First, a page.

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Potential cure for multiple sclerosis to be tested

Kyodo

The National Center of Neurology and Psychiatry has developed a drug that it says might provide a cure to multiple sclerosis.

The center announced Monday that it will start a three-month clinical trial from March on nine patients. If the drug’s efficacy is confirmed, it will move on to a large-scale trial.

“We are hopeful as preliminary studies have produced very good results,” said Takashi Yamamura, head of the immunology department responsible for the drug’s development.

About 2 million people around the world are estimated to suffer from the disease, which causes symptoms such as numbness, motion problems and vision loss. In Japan, there are an estimated 15,000 sufferers, including many young women, and the number is growing.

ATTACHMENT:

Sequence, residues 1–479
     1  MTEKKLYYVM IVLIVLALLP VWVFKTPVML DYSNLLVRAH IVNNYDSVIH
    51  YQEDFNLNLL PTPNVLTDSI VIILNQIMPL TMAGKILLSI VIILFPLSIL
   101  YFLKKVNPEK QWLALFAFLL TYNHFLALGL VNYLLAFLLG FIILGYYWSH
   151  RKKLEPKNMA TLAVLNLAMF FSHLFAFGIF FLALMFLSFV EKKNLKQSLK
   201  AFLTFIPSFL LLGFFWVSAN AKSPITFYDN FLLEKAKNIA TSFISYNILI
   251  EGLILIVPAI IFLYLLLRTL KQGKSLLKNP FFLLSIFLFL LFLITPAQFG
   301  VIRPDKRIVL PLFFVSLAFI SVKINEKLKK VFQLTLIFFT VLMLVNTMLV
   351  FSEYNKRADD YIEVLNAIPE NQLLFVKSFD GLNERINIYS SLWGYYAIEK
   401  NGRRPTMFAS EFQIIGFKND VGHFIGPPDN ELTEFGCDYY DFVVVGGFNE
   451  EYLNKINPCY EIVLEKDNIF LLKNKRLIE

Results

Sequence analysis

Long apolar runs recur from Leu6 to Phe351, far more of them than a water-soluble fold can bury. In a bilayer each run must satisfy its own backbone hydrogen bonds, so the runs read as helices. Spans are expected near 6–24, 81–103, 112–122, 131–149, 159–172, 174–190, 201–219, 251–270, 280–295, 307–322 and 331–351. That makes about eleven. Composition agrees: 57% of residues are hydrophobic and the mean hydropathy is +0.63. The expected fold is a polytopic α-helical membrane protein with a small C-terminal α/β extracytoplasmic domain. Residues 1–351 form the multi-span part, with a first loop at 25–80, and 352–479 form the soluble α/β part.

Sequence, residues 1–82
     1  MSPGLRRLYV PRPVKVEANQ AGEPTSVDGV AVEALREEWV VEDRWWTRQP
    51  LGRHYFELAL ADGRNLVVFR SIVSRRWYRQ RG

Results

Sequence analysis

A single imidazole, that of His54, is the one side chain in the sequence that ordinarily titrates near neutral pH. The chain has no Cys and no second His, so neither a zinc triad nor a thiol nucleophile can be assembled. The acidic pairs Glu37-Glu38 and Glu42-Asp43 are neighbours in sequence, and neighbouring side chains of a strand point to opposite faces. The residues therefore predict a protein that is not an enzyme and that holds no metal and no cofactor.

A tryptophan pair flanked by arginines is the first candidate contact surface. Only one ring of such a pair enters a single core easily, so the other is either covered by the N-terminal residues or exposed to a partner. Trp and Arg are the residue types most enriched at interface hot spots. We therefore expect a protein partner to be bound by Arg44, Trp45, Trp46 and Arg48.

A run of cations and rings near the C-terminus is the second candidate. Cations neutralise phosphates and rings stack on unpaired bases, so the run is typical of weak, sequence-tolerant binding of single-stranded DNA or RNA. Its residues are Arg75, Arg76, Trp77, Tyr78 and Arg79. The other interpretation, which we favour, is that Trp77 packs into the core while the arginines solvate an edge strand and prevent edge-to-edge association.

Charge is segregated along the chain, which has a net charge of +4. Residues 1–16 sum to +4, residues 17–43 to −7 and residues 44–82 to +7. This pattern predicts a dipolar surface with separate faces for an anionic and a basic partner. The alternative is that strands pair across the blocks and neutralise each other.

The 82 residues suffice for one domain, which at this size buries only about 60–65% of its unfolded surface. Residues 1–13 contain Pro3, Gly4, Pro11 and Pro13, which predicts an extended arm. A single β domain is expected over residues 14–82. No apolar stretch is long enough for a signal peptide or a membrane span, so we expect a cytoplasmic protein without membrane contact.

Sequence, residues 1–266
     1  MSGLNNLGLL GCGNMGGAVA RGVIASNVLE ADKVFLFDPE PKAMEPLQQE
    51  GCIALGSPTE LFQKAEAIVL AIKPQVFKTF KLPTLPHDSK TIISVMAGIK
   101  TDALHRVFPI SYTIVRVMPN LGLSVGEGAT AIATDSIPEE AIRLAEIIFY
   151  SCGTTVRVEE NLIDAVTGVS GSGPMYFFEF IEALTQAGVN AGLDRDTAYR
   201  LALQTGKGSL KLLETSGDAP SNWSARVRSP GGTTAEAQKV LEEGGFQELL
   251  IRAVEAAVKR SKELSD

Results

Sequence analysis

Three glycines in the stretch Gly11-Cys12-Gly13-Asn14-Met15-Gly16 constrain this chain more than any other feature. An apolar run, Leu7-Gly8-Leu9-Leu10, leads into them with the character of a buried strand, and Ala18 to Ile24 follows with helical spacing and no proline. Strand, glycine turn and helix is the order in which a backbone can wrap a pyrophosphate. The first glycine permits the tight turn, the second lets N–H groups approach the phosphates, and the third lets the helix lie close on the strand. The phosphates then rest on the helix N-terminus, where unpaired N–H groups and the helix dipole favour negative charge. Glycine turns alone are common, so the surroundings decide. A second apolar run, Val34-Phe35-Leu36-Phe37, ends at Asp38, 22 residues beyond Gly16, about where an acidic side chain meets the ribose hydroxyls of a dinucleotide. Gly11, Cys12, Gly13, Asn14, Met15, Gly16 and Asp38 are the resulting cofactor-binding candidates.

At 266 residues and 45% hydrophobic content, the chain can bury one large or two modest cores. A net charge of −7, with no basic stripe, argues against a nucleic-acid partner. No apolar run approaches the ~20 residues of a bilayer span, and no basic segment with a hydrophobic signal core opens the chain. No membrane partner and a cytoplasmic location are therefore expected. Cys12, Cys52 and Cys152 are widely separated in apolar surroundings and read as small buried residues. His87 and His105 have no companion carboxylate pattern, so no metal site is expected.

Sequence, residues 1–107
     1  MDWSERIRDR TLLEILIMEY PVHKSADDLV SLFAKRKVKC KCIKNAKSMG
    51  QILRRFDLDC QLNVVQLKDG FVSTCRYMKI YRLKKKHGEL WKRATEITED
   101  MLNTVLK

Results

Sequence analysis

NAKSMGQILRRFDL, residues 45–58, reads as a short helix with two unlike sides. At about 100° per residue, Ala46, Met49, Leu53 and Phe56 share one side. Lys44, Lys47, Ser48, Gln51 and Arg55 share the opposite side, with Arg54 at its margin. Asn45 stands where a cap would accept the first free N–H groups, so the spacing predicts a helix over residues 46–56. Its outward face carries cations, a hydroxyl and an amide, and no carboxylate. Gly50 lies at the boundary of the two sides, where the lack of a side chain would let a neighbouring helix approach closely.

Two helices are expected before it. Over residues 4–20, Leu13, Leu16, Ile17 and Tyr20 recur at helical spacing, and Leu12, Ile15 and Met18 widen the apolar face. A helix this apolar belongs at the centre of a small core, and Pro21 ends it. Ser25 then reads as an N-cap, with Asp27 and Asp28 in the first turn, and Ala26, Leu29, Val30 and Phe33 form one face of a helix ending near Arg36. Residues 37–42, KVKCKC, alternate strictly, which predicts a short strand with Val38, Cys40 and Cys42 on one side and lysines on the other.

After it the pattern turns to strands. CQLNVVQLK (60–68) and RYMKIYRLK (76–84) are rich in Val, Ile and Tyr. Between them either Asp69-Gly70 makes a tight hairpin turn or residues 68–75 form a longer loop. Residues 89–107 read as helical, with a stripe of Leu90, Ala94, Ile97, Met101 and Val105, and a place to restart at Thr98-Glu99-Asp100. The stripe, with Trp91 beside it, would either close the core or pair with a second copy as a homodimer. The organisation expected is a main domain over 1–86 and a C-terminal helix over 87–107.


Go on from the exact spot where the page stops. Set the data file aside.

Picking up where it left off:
The autoimmune disease occurs when lymphocyte immune cells misidentify the body’s own cells as foreign. They attack nerve cells, causing inflammation and destroying them.

The drug developed by Yamamura stimulates a type of immune cell that softens the attacks by lymphocytes and creates a protein that suppresses inflammation. In the clinical trial, the drug will be drunk in powder form dissolved in water, according to the center.

Mechanism discovered

KYODO

A joint group of Japanese and U.S. researchers has unlocked the mechanism behind the formation of autoantibodies that attack individuals’ own cells and tissue, according to a new study.

The researchers from academic and research institutes said they hope their findings will help in the diagnosis and development of treatments for rheumatoid arthritis, an autoimmune disease that causes chronic inflammation of the joints.

The findings, published on the website of the Proceedings of the National Academy of Sciences, indicate that autoimmune diseases may be caused by a different mechanism than previously known.

Autoimmune diseases have been believed to be caused by abnormal immune responses.

The study showed that autoantibodies are created to target a combination of a specific protein and MHC class-II molecules, which are known to relay the presence of foreign substances to immune cells.